MiFi/Jetpack, USB Modem or Smartphone Hotspotting?
April 2015: We just got in a PepWave MAX BR1 and MaxxFi Black for testing as an alternate router & hotspot combo. All of our extensive reviews are posted at RVMobileInternet.com, and available first exclusively to our premium MIA members.
iGadgets – The primary WiFi devices in use in our bus are our iPhones and iPads (purchased at market value). We use them quite often – including using the “Personal Hot Spot” feature to make them into MiFi-like internet access points themselves.
WiFiRanger Go2 (Router) – The heart of our system is the WiFiRanger G02 ($239.99 – ours provided by the folks at WiFiRanger, as we are a beta test site for them). The WiFiRanger is a smart router that can connect to a nearby WiFi hotspot automatically (such as campground WiFi, the MiFi, or any of our iPhone or iPad generated hotspots). It can also tether to and control a WiFiRanger Sky, Elite or Mobile mounted on the roof, and the Ubiquity NanoStation. To keep local traffic from clogging up the airways, the Go2 provides 4 wired ethernet ports that allows the router to network all our computers and entertainment devices. We have also tested a Pepwave SoHo (provided by 3GStore.com), and were impressed with it too. Jack Mayer wrote a great comparison between the two.
April 2015: We just got in both a Pepwave MAX BR1 and MaxxFi Black (our first impressions now posted) for testing and evaluation – both are combo WiFi as WAN routers and mobile hotspots. We working on a head-to-head comparison and review of these options that will be posted at RVMobileInternet.com, and available first exclusively to our premium MIA members.
July 2015: We have received WiFiRangers new Mini Pack, and Elite, for comparative testing.
Gigabit Ethernet Switch – Our TRENDnet 8-port gigabit ethernet switch ($30) is located in a cabinet under our desk, and provides a very fast data conduit directly between our computers. The switch is also connected to the WiFiRanger via a long ethernet cable that runs via conduit down through our bays and across to the bedroom cabinet where the WiFiRanger is installed. Using wired Gigabit ethernet is MUCH faster than WiFi, and avoids all sorts of interference issues. If you have lots of data to move between two computers, do yourself a favor and find a way to do it with wires!
15″ Retina MacBook Pro – Chris’ MacBook Pro (purchased at market cost) actually does not have an Ethernet port, but he uses an Apple Thunderbolt display as a monitor, which works as a docking station and provides his MacBook Pro with a true Gigabit Ethernet port while at his desk.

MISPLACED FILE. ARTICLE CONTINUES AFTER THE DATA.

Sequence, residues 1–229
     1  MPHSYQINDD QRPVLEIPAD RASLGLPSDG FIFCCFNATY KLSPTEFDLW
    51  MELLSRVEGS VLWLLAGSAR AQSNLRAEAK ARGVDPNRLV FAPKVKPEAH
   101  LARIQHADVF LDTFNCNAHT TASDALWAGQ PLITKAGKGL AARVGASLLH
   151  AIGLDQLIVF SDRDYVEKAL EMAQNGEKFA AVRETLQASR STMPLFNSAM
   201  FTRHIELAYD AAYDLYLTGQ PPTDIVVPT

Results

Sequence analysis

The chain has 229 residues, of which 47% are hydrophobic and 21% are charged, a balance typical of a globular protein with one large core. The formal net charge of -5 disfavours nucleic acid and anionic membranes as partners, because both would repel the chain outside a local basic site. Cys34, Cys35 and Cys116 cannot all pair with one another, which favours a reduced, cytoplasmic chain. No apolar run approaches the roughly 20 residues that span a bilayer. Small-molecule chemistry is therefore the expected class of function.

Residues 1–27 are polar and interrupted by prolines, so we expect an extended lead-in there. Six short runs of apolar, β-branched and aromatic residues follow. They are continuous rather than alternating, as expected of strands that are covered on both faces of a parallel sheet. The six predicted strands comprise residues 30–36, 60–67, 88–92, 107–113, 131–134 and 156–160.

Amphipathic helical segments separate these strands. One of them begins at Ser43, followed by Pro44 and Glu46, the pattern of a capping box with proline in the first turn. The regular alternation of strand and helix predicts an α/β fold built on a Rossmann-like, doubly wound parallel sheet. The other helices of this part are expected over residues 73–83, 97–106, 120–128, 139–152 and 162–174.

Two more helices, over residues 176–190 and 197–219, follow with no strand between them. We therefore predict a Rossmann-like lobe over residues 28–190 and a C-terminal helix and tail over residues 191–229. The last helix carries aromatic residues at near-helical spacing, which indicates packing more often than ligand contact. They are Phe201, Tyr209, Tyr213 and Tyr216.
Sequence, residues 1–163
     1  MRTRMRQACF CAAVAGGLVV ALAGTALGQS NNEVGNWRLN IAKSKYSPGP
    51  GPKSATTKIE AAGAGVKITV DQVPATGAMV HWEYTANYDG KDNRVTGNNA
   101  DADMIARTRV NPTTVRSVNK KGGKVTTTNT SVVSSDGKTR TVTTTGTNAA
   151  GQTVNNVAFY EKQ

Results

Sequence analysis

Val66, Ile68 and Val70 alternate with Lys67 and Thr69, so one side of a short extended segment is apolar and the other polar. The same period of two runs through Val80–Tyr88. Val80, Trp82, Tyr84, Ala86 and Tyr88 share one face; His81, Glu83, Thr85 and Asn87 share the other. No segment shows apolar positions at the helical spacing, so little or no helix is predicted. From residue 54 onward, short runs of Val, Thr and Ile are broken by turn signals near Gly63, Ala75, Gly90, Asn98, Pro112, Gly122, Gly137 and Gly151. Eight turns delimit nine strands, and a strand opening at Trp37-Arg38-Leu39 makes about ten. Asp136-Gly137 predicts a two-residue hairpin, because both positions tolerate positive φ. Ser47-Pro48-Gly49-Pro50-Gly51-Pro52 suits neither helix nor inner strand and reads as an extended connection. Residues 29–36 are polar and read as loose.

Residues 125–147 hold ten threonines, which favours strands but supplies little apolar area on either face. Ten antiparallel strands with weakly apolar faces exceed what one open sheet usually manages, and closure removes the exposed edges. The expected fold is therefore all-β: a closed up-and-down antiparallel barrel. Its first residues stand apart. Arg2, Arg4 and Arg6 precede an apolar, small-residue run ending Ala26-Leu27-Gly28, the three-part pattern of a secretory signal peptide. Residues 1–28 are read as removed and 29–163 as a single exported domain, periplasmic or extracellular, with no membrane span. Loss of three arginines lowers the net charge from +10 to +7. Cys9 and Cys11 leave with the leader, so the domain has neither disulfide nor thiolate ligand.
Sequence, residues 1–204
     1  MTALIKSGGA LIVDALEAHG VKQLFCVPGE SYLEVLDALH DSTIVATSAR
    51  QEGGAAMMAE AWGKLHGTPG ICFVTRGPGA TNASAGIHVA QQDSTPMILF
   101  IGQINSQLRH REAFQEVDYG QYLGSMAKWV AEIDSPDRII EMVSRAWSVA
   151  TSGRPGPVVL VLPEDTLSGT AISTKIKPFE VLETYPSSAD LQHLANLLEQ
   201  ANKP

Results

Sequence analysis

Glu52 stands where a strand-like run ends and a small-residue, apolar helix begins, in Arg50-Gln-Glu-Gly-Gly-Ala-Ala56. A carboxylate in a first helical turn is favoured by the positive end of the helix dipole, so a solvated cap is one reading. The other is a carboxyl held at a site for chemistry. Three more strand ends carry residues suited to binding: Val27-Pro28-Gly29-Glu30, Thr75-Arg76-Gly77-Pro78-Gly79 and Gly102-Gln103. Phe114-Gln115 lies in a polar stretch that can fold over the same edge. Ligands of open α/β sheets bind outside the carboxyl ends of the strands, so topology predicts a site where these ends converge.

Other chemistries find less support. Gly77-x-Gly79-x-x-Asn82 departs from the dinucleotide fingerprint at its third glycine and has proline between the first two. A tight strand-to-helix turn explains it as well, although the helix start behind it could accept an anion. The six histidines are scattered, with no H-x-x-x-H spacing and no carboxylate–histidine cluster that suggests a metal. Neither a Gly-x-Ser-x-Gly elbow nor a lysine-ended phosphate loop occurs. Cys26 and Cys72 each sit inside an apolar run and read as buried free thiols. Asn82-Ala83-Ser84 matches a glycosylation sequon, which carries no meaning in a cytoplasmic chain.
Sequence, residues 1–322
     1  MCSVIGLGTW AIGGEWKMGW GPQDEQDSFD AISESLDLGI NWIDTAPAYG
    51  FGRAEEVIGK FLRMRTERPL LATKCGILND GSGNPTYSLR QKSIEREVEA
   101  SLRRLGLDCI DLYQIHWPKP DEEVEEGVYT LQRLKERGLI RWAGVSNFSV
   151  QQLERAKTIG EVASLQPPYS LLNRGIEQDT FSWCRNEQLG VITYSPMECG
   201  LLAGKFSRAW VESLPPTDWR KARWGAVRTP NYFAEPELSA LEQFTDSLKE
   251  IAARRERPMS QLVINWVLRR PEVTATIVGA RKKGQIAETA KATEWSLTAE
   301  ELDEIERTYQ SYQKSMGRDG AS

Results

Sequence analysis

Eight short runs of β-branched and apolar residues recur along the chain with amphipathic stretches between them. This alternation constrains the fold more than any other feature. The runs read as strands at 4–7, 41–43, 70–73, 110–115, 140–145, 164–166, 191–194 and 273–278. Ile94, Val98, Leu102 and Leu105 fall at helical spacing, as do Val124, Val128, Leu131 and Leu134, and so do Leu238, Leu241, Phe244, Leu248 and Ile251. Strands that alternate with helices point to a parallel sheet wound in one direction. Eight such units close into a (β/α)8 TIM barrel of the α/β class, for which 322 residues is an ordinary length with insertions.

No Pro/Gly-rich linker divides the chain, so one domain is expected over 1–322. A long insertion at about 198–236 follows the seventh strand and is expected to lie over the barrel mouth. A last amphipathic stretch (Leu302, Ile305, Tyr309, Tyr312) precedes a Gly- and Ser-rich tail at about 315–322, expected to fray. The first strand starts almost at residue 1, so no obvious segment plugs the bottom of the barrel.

Mac Mini – Cherie uses a Mac Mini (purchased at market cost) as her main machine connected to a large external display. It is connected directly to the Ethernet switch, though she often gets online by tethering directly with her iPhone 5S on AT&T (she gets frustrated with all of the beta testing our setup is always under!).
LTTE – Libation: Technology Tribulation Elimination – Surviving via mobile internet can sometimes be frustrating, especially if you are used to the consistency of a plugged in connection like cable or DSL. For dealing with the inevitable frustrations, we suggest keeping a box or two of LTTE on hand as part of your tech arsenal essentials – it helps take the edge off when the bits just refuse to flow. We love Bota Box Old Vine Zin and RedVolultion (Cost – $14-19/box depending on local taxes)
Notes on Satellite Internet: Up until November 2013, we did travel with a tripod satellite setup from HughesNet. However between the prevalence of cellular & WiFi these days and no longer needing to be as connected as we once were due to shifts in our client load – after two years of non-use we ditched the setup. New in Summer 2015, there are now two new mobile satellite options.
Our current cellular mobile internet costs are:
- 2 iPhones on an AT&T Mobile Share Plan (25 GB/mo) – $75 (roughly, we actually share a 40GB plan snagged under a ‘double data’ deal with a few family members, which brings our costs way down.)
- iPad on AT&T with unlimited data – $30
- Verizon Grandfathered Unlimited Plan – $70
- T-Mobile iPad Plan – 1GB for $20/month gives us unlimited music streaming, unlimited international data and rollover data.
We consider our base connectivity charge to be $195/mo. (Please note, not all of our current plans are available to new customers.. so you’d not be able to replicate our setup and certainly not our low costs for this amount of bandwidth. But paying attention to deals as the carriers offers them is key.. which is part of what we offer through Mobile Internet Aficionados.)
- The Four Major US Carriers – Which is Best for RVers?